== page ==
I will be up-front with you all- Kathi and I had coffee when she was last in NJ and I consider her a friend (albeit a friend who lives in Texas. 🙂 ) However, that did not affect my view of her latest book. (Kathi and I met after I reviewed The Underneath and I fell in love with her writing.)
I admit I was reluctant to pick up her newest novel, Keeper. I loved, loved, loved her Newbery Honor winning book, The Underneath; I was its biggest champion. When I received my review copy (courtesy of Ms. Appelt and the publisher), I put it on my shelf and kept moving it down in my pile. I was so afraid that nothing could live up to the beauty that was The Underneath.
Well there was no reason for me to worry- Keeper is a stunning book. STUNNING. It is poetry, prose, magic, fairy tale, and real life wrapped into one. I think it will appeal to readers across the board. The entire story takes place over the course of one short day, but with flashbacks to different points in the characters’s lives. I love how Appelt doesn’t hesitate to toss perspective around like a beach ball. Most of the book is told from Keeper’s viewpoint, but at times Signe tells the story, Dogie steps in, and even the animals get their chance to share. The chapters are short, which kept me reading. However, Kathi’s signature cadence is here, which may frustrate some readers. The plot is not action-filled but rather ebbs and flows like the waves on the shore. However, the story does take place over the course of one day, so it never slows to a stop.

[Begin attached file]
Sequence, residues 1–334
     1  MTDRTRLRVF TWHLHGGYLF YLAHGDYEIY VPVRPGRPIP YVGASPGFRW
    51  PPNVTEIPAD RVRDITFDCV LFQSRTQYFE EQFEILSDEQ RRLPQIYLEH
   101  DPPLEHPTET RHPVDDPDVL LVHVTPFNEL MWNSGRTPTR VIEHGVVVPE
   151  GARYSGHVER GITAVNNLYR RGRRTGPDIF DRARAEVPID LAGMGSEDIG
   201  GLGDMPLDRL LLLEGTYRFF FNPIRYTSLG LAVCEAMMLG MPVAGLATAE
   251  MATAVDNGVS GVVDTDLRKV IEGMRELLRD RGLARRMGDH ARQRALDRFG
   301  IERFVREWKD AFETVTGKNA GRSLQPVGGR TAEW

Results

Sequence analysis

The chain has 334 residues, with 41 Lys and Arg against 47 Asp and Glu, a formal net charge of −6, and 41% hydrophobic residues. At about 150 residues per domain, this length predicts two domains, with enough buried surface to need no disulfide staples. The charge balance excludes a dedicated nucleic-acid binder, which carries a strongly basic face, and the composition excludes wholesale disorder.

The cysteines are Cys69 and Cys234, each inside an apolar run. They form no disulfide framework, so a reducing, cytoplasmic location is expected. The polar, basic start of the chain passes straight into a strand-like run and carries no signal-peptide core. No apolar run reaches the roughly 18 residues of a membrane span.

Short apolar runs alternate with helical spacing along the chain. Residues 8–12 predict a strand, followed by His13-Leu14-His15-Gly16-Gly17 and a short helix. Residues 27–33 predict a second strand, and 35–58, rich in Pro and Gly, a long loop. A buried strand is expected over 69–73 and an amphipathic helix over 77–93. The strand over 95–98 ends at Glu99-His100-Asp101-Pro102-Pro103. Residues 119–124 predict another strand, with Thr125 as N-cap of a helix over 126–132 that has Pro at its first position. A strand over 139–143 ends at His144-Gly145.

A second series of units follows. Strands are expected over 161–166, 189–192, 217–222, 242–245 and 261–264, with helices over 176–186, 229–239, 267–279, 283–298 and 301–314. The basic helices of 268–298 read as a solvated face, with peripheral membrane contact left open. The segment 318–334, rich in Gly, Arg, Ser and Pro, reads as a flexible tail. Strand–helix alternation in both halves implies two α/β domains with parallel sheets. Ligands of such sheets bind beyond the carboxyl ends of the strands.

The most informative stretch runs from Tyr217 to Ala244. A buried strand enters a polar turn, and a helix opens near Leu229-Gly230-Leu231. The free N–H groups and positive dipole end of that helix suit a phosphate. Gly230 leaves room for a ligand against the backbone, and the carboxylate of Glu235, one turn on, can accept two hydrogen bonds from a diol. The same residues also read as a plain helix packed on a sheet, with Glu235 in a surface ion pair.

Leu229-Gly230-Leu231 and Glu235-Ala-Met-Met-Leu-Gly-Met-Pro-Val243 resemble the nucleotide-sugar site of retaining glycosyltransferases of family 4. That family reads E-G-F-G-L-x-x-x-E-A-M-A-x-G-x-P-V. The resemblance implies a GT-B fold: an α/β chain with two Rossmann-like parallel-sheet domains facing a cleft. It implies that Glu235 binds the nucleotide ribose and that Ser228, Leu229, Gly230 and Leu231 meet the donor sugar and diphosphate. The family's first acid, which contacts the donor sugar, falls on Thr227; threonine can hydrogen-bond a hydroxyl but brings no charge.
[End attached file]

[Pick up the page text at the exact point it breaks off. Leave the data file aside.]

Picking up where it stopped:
This is a beach book. As I was reading I could practically feel the sand beneath my toes and smell the saltwater in the air. Appelt has drawn a world that readers immediately fall into, head over heels, like Alice into the rabbit hole. Reading this homage to the Gulf and Gulf coast I couldn’t help but feel sadness for what it is going through right now. This book is especially apropos given the oil spill in the Gulf of Mexico right now. I already ached for the people and nature affected, but Kathi Appelt made me fall in love with a place I have never even been and now my heart breaks even more.
The illustrations in this book are gorgeous, too. They complement Appelt’s text perfectly and I found myself drawn to them. (And I am not an illustrations person at all.) Hall’s illustrations matched my own visions of the characters perfectly. Which leads me to the characters- you will fall in love with them all. I do think there will be some shocked parents out there, though. Old Mr. Beauchamp has spent his entire life missing his love. He frequently sits back and remembers the 15 year old boy named Jack that he met briefly in France, before setting sail on the seas. I admit I was a caught off-guard but only because the relationships I see are almost always heterosexual in mainstream children’s literature. Mr. Beauchamp’s love is pure and beautiful and he brought a tear to my eye more than once…I am thrilled that a tale like this is being told in a middle grade novel and that it is presented without fanfare or shock and awe.
This is a book about nontraditional families and the importance of family. It is about the Gulf and the nature that is a part of it. It is about friendship and heartbreak. It is about mermaids and legends of the sea, dolphins and stingrays. But most importantly, it is a simple store about the complicatedness of love. And it’s on my shortlist for the Newbery.
*There are portions of this book that I would pull out and share on their own, like the chapters devoted to the stingrays. They are just that gorgeous.
*review copy courtesy of the publisher